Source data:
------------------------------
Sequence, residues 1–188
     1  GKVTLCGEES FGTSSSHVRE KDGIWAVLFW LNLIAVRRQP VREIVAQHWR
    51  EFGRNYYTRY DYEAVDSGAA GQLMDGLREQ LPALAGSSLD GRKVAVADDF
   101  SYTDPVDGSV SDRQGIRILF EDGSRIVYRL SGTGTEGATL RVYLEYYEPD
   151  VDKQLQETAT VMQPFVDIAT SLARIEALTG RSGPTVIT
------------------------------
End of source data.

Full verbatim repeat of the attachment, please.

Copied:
Sequence, residues 1–188
     1  GKVTLCGEES FGTSSSHVRE KDGIWAVLFW LNLIAVRRQP VREIVAQHWR
    51  EFGRNYYTRY DYEAVDSGAA GQLMDGLREQ LPALAGSSLD GRKVAVADDF
   101  SYTDPVDGSV SDRQGIRILF EDGSRIVYRL SGTGTEGATL RVYLEYYEPD
   151  VDKQLQETAT VMQPFVDIAT SLARIEALTG RSGPTVIT